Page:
One of the female rappers accused of most blatantly emulating Lil Kim is newcomer Nicki Minaj, who has created enough buzz to crown her the next rookie without yet releasing a studio album. Her debut, Pink Friday, is due Nov. 23, but for now, she has shot to the top of the game by aligning herself with rappers like Drake, Lil Wayne and Gucci Mane, proving that she can hang with the big boys. However, her “Barbie” style and killer bod more than prove that she’s also a pretty face.

“She came out at a time when curves – big butt, small waist, boobs – were in,” Stanley explains.

But, that’s not to say that Minaj has no skills. Employing a range of different accents and cartoonish voices, the Trinidadian newcomer impressed Lil Wayne enough for him to sign her to his Young Money imprint as its most prominent female artist.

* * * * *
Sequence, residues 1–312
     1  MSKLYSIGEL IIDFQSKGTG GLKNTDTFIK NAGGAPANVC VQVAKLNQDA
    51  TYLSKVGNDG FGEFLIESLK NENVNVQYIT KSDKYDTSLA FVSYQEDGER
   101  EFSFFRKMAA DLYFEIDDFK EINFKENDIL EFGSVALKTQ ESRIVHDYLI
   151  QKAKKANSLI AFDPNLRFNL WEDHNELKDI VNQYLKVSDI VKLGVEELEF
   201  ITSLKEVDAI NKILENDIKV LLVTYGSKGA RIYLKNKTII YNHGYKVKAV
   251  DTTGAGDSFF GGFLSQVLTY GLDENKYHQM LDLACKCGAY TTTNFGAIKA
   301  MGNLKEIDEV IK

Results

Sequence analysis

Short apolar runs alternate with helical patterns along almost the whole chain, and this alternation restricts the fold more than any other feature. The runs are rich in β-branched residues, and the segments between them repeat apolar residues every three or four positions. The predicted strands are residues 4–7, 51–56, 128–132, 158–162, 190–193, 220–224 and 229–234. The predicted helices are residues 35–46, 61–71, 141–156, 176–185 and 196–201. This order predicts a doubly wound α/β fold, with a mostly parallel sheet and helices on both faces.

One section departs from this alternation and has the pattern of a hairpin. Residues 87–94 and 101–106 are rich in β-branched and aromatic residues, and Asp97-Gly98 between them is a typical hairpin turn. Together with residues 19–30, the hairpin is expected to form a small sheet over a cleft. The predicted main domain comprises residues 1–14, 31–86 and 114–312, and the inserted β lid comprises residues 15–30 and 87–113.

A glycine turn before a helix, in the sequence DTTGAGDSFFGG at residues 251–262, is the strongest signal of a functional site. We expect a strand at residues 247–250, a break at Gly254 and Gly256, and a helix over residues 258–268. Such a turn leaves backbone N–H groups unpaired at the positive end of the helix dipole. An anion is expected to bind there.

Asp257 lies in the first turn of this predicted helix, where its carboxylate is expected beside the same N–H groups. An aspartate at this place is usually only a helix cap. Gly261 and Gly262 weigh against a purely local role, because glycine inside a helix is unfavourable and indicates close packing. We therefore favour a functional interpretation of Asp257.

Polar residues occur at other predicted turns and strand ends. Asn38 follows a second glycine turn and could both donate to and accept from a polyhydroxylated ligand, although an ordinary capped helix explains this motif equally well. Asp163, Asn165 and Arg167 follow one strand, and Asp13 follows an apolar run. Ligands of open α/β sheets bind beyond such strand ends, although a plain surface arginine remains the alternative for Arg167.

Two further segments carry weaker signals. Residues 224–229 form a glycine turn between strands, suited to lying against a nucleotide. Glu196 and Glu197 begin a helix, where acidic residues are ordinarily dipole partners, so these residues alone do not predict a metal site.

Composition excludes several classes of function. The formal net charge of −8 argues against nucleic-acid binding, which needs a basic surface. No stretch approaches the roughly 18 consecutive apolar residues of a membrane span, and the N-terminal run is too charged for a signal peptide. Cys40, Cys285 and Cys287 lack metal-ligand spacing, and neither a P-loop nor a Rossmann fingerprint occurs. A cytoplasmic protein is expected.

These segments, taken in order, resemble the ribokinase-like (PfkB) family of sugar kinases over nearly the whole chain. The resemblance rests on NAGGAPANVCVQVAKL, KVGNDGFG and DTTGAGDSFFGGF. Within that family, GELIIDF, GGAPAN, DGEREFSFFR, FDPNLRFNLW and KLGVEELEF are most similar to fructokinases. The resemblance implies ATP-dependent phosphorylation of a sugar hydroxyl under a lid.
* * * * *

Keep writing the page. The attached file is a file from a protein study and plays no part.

Her musical DNA is almost completely opposite of the female rap trailblazers from the ‘80s and ‘90s, something that is seemingly not lost on Minaj herself.

“I made a conscious decision to try to tone down the sexiness,” she told Interview this spring. “I want people – especially young girls – to know that in life, nothing is going to be based on sex appeal. You’ve got to have something else to go with that.”

Stanley, who works to turn the concept of the “video ho” on its head, says that Minaj’s ambitious aspiration may be easier said than done. “Sexuality definitely plays a role in it. If you’re attractive and sexy, then people are attracted to that. I think those are the two biggest things. As we see, you can be (male and) ugly and people will still buy into it. You don’t see too many ugly female rappers,” Stanley says.